US athletes asked to use burner phones at Beijing Olympics amid surveillance

According to a story in the Wall Street Journal, the US Olympic and Paralympic Committee is advising athletes to discard their personal phones in favor of burners ahead of next month’s Winter Olympics in China (via Android Central). Last year, the warning was apparently sent out twice to athletes to warn them of the likelihood of being monitored online while in China. The alert adds that “any device, communication, transaction, and internet activity may be watched.” “Malicious software may have infiltrated your device(s), which could have a detrimental impact on future use.” According to the WSJ, athletes from the United Kingdom, Canada, and the Netherlands have also been advised not to bring their personal electronics into the nation.

Courtesy: Daballoti

The Committee’s concerns are not without merit. China was captured illegally planting spyware on the phones of tourists entering from the Xinjiang province in 2019. The Uyghurs, a primarily Muslim ethnic group who have been imprisoned and tortured by China, live in this highly monitored neighborhood. Furthermore, Citizen Lab discovered that China’s My2022 Olympic app, which all guests must install, is riddled with security flaws that might lead to data leaks, surveillance, and hacking.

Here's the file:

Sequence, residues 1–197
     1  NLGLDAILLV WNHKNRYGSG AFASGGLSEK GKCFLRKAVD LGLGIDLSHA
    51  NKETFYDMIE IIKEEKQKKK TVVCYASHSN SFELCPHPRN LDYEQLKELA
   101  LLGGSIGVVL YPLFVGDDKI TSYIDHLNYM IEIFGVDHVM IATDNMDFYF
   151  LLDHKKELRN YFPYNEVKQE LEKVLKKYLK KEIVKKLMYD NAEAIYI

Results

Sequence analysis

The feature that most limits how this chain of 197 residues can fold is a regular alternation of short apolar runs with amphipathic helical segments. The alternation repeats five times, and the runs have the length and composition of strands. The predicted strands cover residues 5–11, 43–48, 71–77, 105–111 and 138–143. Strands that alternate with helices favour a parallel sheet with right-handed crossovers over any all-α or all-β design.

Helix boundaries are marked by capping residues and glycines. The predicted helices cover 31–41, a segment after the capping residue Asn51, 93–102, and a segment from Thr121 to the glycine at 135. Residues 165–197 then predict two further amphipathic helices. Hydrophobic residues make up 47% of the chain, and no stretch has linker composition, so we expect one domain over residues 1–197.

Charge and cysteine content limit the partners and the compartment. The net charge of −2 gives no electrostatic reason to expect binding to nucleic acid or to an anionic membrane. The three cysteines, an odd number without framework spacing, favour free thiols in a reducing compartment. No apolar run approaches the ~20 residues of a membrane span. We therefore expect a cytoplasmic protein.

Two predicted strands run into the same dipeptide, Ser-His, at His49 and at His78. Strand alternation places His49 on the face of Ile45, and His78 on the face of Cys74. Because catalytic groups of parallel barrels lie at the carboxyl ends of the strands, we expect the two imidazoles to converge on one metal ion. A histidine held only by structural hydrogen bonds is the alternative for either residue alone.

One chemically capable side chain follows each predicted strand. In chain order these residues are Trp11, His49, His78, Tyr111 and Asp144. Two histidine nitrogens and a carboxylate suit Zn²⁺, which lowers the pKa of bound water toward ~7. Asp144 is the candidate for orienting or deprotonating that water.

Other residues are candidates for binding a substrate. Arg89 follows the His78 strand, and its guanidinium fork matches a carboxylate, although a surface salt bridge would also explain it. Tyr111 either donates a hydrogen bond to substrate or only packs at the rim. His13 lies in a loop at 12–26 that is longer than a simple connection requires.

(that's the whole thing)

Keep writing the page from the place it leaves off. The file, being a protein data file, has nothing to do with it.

The US Department of Homeland Security issued a similar warning for anybody travelling to China during the 2008 Summer Olympics, advising that bringing any gadgets could expose them to “unauthorized access and theft of data by criminal or foreign government forces.” This time, though, things are a little different because China has barred all foreign spectators owing to fears about COVID-19. Athletes will most likely use their mobile devices to communicate with friends and family, which could be more difficult on a burner phone with data, texting, and calling constraints.

Even if the Olympic competitors wish to use their burner phones to browse the internet, they may not be able to do so without restrictions. China pledged unlimited internet access to spectators, media, and athletes during the 2008 Olympics, despite the fact that the Great Firewall of China currently censors a number of major websites in the nation, including Google, YouTube, Twitter, Facebook, Netflix, and others. China, on the other hand, did not appear to follow through on its pledge. Journalists stated that they were still unable to access specific websites, including BBC China, a number of Hong Kong publications, and Amnesty International’s website.

China has stated once again that athletes and journalists will have unrestricted internet access, although it is unclear whether the regime will continue to ban some websites.